Rattner Discusses Economic Problems Facing Millennials

Steven Rattner wrote an article in yesterday's The New York Times discussing the financial problems facing millennials. Rattner writes that millennials, those currently aged between 18 and 34 years old, are expected to earn less than previous generations and face greater college debts. Looking further out, the rising national debt means this generation is likely to face a combination of higher taxes and lower benefits than generations before them.

In line with Rattner's argument, we’ve written previously about how waiting to reduce the debt increases the costs of doing so and shifts the burden onto fewer people.

Rattner acknowledges that the bleak outlook for millennials is partly the result of bad timing, noting that “those who graduate in weaker economic times typically earn less than those who enter the work force during more robust periods. Starting behind often means never catching up.” He also cites large increases in student debt as weighing on their future prospects.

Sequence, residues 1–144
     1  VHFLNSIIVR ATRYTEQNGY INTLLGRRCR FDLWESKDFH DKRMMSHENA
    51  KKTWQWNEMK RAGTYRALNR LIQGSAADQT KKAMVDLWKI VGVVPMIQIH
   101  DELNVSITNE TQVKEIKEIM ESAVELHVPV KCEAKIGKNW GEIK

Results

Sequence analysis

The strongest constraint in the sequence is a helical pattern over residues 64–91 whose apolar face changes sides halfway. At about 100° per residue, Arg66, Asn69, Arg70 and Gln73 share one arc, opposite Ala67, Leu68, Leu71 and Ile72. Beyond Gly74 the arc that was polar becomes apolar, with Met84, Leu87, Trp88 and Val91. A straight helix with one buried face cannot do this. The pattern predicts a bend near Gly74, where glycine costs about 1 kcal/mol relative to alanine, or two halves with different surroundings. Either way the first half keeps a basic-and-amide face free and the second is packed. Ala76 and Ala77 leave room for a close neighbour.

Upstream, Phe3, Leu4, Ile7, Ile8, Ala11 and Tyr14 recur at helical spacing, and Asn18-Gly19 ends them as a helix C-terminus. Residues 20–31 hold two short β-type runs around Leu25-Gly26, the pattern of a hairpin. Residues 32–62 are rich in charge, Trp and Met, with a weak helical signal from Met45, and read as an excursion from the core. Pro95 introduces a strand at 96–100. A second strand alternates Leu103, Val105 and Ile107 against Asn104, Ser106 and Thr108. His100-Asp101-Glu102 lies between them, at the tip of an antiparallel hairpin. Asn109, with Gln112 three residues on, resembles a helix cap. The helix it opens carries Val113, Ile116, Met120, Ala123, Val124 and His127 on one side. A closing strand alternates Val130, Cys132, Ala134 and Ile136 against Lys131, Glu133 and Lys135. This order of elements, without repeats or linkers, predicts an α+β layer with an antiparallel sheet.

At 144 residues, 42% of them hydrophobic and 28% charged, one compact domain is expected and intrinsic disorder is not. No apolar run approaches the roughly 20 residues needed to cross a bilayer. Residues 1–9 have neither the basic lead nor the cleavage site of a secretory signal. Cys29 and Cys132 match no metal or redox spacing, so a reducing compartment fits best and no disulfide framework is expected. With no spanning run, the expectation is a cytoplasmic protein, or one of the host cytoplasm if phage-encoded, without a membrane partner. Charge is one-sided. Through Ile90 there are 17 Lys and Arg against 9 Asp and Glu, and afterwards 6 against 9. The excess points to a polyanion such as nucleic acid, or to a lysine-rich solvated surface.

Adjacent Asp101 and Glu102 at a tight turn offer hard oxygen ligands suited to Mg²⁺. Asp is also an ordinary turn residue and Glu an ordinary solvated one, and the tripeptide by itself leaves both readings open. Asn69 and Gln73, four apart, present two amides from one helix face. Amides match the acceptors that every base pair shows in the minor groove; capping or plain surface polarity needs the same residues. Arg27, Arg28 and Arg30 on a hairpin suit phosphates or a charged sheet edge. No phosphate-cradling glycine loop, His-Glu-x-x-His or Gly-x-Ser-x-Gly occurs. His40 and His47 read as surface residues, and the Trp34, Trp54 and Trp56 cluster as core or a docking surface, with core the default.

While some factors are out of the control of policymakers, Rattner states that reducing the national debt burden faced by these younger workers is something that can achieved with a little sacrifice. He says that “we need to reform the entitlement programs, for example, by reducing Social Security benefits for the highest income Americans.” He also advocates for increased investment in “education, infrastructure and research and development” to speed up growth, noting that this “would require higher taxes on my generation [baby boomers], which is getting a lot more from government than we are paying into it.”

While people may disagree about how to solve this problem, it is clear that current projections of the national debt are problematic for our nation, and for younger generations in particular. The sooner we act, the easier it will be to put the country’s finances on a sustainable path without making drastic changes to taxes or benefits.